This four-part Boston Globe series on faith and foreign aid is required reading this week. And it's especially troubling for those of us who have tried to convince our friends on the progressive side not to freak out about the president's faith-based initiatives. Like David Kuo, I have argued--and continue to believe--that the real story behind the faith-based intiative is how little money has been dispersed.
That continues to be the case in the realm of domestic social services. Spending for all social services--whether through faith-based or secular providers--is way down, and the faith-based initiative has been used largely as a political tool to attract support from religious communities.
But on the foreign policy side, as the Globe's reporters document, the administration has pressured grant-makers to favor Christian organizations over Jewish and Muslim ones; they have done away with requirements to inform aid recipients that they do not have to attend religious services in exchange for treatment; and they have encouraged religious organizations to mix proselytization with aid work.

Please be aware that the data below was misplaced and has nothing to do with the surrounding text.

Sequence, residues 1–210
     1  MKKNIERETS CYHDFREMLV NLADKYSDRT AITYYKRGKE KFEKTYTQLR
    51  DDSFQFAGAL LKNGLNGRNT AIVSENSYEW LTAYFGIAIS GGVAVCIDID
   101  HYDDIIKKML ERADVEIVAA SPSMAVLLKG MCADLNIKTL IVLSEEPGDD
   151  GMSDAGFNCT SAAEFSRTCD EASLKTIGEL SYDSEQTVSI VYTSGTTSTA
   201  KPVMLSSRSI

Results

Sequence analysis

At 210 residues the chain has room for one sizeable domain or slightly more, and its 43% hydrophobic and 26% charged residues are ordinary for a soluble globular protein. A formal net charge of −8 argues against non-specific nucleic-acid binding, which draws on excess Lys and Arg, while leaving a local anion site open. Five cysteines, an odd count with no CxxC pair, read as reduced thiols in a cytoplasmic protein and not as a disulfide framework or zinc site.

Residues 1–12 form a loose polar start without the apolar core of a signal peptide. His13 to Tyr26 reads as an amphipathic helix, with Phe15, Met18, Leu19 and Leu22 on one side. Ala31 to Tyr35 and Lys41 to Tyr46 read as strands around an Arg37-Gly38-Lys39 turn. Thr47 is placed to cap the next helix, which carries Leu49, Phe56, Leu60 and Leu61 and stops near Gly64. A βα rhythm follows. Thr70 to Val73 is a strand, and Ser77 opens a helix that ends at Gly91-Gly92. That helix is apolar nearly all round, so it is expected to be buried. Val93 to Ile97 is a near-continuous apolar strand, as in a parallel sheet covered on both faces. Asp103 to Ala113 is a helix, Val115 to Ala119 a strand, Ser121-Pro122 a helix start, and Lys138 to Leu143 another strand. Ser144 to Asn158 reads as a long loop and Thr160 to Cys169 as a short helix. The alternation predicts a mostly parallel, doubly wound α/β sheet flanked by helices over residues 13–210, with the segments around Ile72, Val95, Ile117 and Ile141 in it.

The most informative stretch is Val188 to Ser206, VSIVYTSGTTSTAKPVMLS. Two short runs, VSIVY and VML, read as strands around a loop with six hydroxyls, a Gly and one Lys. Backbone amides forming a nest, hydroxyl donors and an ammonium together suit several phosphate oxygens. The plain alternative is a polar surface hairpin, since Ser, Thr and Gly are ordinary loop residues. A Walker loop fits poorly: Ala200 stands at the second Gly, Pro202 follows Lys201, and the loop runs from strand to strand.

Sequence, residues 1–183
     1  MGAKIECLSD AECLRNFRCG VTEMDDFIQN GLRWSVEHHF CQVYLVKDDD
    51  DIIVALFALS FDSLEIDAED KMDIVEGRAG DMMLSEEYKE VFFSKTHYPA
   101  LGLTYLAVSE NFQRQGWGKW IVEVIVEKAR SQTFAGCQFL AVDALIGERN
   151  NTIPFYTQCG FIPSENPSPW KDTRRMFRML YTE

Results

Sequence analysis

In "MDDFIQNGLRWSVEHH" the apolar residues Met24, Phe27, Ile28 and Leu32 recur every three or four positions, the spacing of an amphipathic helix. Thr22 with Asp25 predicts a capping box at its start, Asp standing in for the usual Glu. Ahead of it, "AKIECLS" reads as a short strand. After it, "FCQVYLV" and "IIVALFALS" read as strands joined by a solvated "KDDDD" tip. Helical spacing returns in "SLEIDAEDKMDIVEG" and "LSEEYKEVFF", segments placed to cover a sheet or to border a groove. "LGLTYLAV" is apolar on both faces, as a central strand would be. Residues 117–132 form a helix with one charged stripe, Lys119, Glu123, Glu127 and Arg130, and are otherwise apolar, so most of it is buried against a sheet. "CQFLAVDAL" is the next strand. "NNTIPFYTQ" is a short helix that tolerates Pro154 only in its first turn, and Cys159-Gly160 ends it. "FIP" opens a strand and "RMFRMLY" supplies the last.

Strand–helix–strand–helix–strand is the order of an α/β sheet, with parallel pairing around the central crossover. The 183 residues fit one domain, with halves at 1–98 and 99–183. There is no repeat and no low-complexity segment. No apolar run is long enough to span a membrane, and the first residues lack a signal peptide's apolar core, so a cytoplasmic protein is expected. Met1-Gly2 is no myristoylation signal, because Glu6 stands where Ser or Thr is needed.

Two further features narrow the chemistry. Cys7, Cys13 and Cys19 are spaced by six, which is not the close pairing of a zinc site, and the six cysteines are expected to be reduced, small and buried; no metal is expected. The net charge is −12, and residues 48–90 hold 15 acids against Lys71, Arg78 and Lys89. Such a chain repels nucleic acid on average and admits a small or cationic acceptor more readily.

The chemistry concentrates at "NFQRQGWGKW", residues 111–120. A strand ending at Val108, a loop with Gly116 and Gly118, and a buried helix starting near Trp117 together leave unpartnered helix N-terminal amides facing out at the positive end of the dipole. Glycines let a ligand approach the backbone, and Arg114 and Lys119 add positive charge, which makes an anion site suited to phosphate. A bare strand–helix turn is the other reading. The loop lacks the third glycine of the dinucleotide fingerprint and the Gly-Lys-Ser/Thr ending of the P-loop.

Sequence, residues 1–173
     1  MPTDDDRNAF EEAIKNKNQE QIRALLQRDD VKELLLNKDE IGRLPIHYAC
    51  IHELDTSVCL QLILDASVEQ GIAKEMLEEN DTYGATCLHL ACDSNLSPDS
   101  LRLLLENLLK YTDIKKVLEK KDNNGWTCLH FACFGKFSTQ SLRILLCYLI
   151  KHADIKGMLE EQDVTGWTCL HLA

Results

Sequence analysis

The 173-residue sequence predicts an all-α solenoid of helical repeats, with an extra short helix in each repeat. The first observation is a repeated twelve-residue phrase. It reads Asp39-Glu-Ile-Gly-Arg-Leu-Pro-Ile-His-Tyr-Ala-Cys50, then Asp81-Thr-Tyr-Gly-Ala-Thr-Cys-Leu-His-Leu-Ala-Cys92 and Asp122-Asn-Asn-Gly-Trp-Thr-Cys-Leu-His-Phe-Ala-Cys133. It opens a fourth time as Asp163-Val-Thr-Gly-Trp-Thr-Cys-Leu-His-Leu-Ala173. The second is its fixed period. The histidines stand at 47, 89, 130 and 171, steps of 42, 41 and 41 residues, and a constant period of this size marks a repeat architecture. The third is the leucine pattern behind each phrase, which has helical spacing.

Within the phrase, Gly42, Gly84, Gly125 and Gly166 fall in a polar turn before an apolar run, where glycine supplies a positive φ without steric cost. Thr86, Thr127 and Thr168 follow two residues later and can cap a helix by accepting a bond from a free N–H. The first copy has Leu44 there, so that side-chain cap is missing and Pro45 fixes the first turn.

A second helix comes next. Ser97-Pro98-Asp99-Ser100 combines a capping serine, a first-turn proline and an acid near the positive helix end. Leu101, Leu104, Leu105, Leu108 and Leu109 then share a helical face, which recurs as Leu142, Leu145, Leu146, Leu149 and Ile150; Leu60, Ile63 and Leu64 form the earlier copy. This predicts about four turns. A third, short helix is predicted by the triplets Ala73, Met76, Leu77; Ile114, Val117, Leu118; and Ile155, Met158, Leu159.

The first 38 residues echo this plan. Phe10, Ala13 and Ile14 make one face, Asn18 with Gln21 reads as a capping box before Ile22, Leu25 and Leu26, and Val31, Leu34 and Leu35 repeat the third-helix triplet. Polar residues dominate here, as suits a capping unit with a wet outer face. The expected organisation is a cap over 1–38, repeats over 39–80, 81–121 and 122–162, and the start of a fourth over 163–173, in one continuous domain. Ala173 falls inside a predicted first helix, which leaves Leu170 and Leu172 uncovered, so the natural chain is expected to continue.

You don't have to be a die-hard secularist to be disturbed by this. Melissa Rogers, a devout Baptist and one of the smartest experts on church-state law, explains why this all matters. Read her analysis.